The closet is a complicated place. It hides the truth, creating an isolating and lonely reality. Time and pretence build layers like a callus, increasing the pain and discomfort. The longing to fully bring one’s whole self into the world is constantly weighed against the risk of rejection. This was my reality for close to twenty years.
Many people realize at a young age, they are queer. I grew up never hearing the word gay or homosexual. I felt that I was different and often questioned that feeling but didn’t have any language to describe it. I married when I was nineteen having no idea I was gay, or as was said in those times, “light in the loafers.” I desperately wanted to fit in and belong.
Conformity was a big deal. It was ingrained throughout my childhood. This wasn’t about fitting into the world. It was about being an insider and disciple within a unique group of believers who called non-believers outsiders. Anyone straying from the mold of this Christian sect was condemned and ostracized.
I became a born-again Christian at age ten. I stood to my feet to profess my love for Jesus during a gospel service in a community hall in Lashburn, Saskatchewan. I received probably the most expensive gift ever given to me by my parents, a leather-bound Bible, and hymnbook with onion skin pages. I parroted the church lingo, recited Bible verses, and polished the family’s meeting shoes every Saturday. I was ‘in.’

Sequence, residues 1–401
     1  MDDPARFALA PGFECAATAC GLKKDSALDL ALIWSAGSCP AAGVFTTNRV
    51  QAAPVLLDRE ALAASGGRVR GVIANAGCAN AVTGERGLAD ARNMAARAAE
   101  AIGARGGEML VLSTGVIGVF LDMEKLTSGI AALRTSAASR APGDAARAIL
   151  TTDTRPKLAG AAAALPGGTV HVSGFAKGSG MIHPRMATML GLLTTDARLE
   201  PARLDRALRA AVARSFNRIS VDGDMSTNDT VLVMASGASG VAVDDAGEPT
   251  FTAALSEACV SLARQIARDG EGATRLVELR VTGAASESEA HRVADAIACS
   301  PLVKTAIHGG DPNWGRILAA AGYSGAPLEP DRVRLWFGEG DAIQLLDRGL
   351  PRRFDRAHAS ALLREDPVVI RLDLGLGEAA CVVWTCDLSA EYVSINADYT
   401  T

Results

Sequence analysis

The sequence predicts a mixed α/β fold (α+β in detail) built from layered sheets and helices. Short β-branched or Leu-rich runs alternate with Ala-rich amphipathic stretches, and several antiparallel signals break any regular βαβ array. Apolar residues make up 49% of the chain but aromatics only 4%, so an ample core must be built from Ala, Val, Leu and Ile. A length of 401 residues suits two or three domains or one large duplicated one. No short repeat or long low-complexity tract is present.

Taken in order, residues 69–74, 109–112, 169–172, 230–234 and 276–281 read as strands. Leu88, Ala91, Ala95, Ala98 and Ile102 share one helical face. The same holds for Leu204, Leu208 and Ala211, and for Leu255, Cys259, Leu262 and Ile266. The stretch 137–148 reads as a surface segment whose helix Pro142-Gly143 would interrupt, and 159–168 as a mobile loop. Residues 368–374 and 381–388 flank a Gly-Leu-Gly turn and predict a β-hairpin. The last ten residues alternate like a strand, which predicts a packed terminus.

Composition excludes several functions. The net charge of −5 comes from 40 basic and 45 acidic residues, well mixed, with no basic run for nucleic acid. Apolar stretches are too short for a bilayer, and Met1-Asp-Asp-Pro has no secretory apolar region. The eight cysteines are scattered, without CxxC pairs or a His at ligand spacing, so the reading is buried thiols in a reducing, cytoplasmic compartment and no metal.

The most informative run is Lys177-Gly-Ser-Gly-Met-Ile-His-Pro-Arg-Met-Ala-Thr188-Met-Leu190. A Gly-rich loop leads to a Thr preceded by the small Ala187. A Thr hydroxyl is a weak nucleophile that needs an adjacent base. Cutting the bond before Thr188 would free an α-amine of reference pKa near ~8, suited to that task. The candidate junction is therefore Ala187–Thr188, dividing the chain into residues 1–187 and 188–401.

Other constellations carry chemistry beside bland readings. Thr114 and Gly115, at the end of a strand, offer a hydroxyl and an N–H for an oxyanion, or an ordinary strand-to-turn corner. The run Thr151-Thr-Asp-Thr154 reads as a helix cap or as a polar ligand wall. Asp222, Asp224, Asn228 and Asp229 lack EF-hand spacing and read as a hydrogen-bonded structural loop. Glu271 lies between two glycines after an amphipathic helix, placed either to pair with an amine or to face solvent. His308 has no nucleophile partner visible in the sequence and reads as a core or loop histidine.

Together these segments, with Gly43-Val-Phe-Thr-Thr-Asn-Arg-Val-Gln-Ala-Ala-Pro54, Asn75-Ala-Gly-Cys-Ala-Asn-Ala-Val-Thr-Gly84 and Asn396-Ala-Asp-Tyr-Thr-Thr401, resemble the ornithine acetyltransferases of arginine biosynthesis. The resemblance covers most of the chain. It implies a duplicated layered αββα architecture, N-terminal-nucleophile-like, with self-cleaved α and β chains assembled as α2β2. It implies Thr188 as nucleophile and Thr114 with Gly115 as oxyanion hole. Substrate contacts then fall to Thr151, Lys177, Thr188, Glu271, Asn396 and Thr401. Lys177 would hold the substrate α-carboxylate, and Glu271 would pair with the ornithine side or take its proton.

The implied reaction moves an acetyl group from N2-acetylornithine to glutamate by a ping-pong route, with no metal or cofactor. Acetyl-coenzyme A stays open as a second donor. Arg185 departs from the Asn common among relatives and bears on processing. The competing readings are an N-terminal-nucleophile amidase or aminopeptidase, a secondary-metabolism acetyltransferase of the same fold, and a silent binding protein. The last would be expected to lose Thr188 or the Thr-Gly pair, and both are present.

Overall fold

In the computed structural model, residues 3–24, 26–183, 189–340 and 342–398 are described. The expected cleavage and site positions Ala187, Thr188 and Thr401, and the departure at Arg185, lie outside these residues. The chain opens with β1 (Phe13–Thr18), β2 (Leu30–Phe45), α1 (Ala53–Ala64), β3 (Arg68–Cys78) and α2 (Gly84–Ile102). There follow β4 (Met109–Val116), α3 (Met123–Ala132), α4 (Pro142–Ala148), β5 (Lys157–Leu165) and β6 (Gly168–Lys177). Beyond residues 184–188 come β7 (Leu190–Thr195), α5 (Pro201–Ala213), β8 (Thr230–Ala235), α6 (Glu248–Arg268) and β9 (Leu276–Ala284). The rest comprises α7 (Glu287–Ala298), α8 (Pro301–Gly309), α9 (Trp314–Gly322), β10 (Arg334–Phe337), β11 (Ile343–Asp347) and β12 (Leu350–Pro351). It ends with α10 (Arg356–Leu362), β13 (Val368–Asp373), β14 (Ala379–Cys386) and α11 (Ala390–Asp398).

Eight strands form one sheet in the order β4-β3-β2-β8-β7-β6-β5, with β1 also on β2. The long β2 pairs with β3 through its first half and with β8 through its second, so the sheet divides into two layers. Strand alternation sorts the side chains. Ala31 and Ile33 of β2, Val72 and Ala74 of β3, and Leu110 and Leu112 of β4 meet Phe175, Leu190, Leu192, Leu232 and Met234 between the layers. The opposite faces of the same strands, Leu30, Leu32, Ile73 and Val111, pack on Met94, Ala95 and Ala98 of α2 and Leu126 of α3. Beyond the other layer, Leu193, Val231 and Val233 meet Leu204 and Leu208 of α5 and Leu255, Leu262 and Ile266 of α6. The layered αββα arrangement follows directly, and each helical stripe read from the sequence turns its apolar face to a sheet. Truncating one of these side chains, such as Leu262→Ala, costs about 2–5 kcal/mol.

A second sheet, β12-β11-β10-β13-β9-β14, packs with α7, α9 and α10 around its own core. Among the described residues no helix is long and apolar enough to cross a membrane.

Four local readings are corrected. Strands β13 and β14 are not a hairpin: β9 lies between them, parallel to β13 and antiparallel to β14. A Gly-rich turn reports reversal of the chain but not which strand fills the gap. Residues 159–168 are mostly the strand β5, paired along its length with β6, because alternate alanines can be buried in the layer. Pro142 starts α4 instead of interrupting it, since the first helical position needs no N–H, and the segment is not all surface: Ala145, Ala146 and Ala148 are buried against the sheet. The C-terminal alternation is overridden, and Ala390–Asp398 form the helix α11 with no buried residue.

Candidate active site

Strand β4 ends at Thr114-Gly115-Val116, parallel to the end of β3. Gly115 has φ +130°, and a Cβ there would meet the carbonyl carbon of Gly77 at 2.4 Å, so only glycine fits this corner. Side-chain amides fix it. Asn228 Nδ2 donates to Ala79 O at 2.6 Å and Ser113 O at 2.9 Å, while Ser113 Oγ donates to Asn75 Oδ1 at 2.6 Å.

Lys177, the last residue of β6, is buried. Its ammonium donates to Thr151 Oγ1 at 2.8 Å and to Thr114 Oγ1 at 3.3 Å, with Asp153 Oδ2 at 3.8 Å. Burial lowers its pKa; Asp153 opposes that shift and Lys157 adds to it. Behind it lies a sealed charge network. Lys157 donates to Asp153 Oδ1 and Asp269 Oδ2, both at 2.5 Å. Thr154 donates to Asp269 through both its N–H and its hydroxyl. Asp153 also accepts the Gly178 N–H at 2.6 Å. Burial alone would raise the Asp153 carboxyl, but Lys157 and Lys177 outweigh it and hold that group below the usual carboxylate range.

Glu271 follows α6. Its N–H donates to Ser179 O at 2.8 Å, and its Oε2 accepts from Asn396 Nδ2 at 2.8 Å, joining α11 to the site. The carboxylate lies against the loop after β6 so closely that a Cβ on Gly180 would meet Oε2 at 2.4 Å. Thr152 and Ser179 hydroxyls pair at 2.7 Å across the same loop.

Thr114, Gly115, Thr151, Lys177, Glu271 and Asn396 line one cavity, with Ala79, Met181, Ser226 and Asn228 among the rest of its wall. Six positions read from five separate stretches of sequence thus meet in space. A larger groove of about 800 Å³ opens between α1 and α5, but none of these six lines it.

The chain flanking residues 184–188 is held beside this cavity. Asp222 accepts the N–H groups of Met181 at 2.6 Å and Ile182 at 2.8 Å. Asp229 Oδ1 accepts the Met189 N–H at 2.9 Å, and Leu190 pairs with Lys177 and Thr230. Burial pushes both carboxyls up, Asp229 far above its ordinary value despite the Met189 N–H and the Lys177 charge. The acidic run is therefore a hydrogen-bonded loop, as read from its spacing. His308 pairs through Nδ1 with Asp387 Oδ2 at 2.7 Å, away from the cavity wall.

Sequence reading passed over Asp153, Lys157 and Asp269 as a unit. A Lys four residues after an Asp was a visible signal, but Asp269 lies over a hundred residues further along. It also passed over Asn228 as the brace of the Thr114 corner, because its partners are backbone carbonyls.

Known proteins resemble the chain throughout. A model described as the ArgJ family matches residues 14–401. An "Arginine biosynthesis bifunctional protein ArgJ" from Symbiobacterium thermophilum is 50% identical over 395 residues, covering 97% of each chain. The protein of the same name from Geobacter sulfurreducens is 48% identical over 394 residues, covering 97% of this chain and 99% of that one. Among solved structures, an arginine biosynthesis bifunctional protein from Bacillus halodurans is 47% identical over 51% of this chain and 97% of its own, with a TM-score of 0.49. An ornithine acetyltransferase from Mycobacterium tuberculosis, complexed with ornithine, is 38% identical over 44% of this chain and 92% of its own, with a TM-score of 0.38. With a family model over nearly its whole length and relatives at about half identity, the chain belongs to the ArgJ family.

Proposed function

Baptism further immersed me. I was fourteen when two preachers lowered me into the murky waters of a dugout in a farmer’s field near Didsbury in central Alberta. Singing and praying completed the ritual. It was another step in my salvation. I belonged.
The realization I was gay happened on a Saturday morning while reading a Vancouver newspaper at age twenty-one. It was the personal ads titled “Men Seeking Men” that brought the wave of realization over me there were others like me. This set me on a course of concealing my true self for almost two decades.
Emergence from the closet I sought protection in sent shockwaves throughout my circle. I was suddenly the puzzle piece from a different picture. My sense of belonging was shattered.
The church asked for a negative HIV test to allow me to fully participate in future services and advised me against being near children as it made parents uncomfortable. Instead of going to church the next Sunday, I tearfully took my leather-bound Bible and hymnbook and threw them into the dumpster behind my twelfth avenue Calgary apartment building. At thirty-eight, I was experiencing my rebirth.
I reflect now, no longer haunted by feelings of extreme guilt that trailed me for many years after my coming out, with acknowledgment of the complexity of that time in my life and the impact this had on me and everyone in my circle. The Bible tossing wasn’t a rejection of its principles, just a shedding of what it represented in my life at that time. I was on a journey to learn we don’t need to sacrifice who we are to belong.
Wilbur Turner, pronouns he/him, is a Kelowna-based writer and long-time advocate of the LGBTQ community. He is a former president of Kelowna Pride and Fierté Canada Pride and was instrumental in founding Etcetera, Kelowna’s peer support group for rainbow youth.